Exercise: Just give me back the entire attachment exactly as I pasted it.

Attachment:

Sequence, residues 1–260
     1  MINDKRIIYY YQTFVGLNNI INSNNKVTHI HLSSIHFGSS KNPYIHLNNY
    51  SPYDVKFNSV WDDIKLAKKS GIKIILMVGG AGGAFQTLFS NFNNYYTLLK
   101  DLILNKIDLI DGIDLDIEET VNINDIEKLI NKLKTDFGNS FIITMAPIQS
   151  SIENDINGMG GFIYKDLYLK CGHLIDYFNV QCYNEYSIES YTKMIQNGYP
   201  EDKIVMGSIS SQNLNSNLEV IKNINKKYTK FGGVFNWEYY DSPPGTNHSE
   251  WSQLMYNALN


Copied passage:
Sequence, residues 1–260
     1  MINDKRIIYY YQTFVGLNNI INSNNKVTHI HLSSIHFGSS KNPYIHLNNY
    51  SPYDVKFNSV WDDIKLAKKS GIKIILMVGG AGGAFQTLFS NFNNYYTLLK
   101  DLILNKIDLI DGIDLDIEET VNINDIEKLI NKLKTDFGNS FIITMAPIQS
   151  SIENDINGMG GFIYKDLYLK CGHLIDYFNV QCYNEYSIES YTKMIQNGYP
   201  EDKIVMGSIS SQNLNSNLEV IKNINKKYTK FGGVFNWEYY DSPPGTNHSE
   251  WSQLMYNALN